Jul. 31—Howard County Public School System Superintendent Michael Martirano announced Friday that, effective immediately, masks will be required in school buildings for all students, staff and visitors regardless of their COVID-19 vaccination status.
The decision comes after new guidance from the U.S. Centers for Disease Control and Prevention, American Academy of Pediatrics and the Howard County Health Department, all of which strongly endorse universal indoor masking amid a rise in coronavirus cases across the state and country, the school system said in a news release.
"This is not a decision I made lightly. Getting our students back to school in person is a top priority," Martirano said in a statement. "We recognize in this case that 'an ounce of prevention is worth a pound of cure.' I know not everyone is comfortable in a mask and appreciate our community's cooperation as we continue to fight this pandemic."
Masks also will be required on school buses. However, they will not be required for any students or staff while eating or drinking indoors. Masks will not be required while outside on school grounds but are recommended for unvaccinated individuals, the school system said.
"I'm very pleased the Howard County Public School System continues to move forward with in-person learning this upcoming school year, and I fully support a safe teaching and learning environment for our students, educators and families," Howard County Executive Calvin Ball said in a statement. "I cannot underscore enough that, especially as we face the delta variant, the best way for our residents to prevent serious illness or death from COVID-19 is to get vaccinated if they're eligible."
In addition to universal masking in school buildings, the school system will continue its process of ensuring readiness, reviewing protocols and ongoing monitoring of several items, including student meals, personal protective equipment supplies, additional care, air quality, screenings for illness and COVID-19 testing.
"It is critical for us to take all precautions and prepare for a fall school reopening," Board of Education Chair Chao Wu said. "We will work with all stakeholders to fight this pandemic together and support our students, staff and families together."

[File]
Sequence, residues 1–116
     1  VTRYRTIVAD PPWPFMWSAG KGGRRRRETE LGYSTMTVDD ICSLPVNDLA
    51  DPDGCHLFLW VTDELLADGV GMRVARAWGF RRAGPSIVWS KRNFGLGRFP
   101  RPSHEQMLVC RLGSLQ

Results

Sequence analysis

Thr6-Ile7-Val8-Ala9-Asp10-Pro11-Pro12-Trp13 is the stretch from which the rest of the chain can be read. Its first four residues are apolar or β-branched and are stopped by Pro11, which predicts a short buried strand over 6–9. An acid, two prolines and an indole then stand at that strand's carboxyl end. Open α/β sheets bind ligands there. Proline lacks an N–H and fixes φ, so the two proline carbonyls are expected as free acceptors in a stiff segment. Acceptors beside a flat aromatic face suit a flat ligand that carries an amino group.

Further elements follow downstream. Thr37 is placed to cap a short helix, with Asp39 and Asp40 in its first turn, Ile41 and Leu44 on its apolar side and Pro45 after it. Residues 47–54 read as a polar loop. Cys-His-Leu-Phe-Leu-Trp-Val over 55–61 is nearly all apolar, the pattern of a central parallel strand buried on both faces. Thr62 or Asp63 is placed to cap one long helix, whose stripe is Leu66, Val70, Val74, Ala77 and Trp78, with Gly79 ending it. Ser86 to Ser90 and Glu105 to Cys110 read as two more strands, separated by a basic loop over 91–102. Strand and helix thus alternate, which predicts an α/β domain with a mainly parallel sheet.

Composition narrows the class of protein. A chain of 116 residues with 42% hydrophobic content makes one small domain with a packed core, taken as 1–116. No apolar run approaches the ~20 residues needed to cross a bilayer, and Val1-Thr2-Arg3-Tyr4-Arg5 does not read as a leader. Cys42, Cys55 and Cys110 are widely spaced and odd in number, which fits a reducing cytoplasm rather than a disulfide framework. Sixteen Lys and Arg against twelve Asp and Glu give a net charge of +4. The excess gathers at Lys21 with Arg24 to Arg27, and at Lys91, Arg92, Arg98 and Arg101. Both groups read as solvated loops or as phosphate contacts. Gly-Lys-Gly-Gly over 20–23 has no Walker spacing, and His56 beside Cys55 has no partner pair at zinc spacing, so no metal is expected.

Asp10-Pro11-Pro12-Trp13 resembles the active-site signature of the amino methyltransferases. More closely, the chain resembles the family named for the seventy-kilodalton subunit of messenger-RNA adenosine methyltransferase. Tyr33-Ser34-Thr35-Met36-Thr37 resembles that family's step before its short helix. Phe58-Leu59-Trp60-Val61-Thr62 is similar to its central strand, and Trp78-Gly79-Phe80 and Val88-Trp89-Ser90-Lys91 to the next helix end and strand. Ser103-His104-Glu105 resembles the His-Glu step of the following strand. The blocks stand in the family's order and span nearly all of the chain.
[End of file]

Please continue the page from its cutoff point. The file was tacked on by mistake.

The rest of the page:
The school system has said repeatedly it is "committed" to the return of five-day, in-person learning for all students this fall and said it is continuing to evaluate several considerations when making these decisions, including guidance and recommendations from health professionals and experts, and feedback from parents, students and staff.
Martirano will provide further updates on health and safety measures during the Aug. 12 Board of Education meeting.
You are now following this newsletter. See all newsletters.
In the Central Maryland area, decisions on masks in schools are currently split. Baltimore County Public Schools announced earlier this week that the system will require all students, staff and visitors in schools to wear masks for the fall semester. In Baltimore City, all students and staff will be required to wear masks, and students must maintain a 3-foot distance from one another and staff a 6-foot distance from students.
Carroll County, however, has made face coverings optional for all staff and students, and Harford County's public schools are expecting to start the school year without masks. Anne Arundel County, meanwhile, said it hasn't decided yet whether to require masks in schools in the fall.
While infection, hospitalization and death rates were down drastically in Howard and across Maryland last month, now there is a more contagious COVID-19 mutation, called the delta variant, circulating widely in the United States.
As of Friday, Maryland health data shows the statewide average positivity rate has risen to 2.73% from under 1% for much of late June and early July, and the number of people hospitalized has more than doubled since July 1 to 222. The number of new cases, which had been under 100 a month ago, has jumped all week, topping 300 Tuesday, 400 Wednesday and then 500 Thursday and Friday.
In Howard, the county hit a record-low positivity rate of 0.38% on June 30, according to state data. As of Friday, the rate has risen back up to 2.38%.
Howard's vaccination rates remain the highest in the state, with 72.15% of the county's total population having received at least one shot of a vaccine and 67.9% being fully vaccinated, state data shows.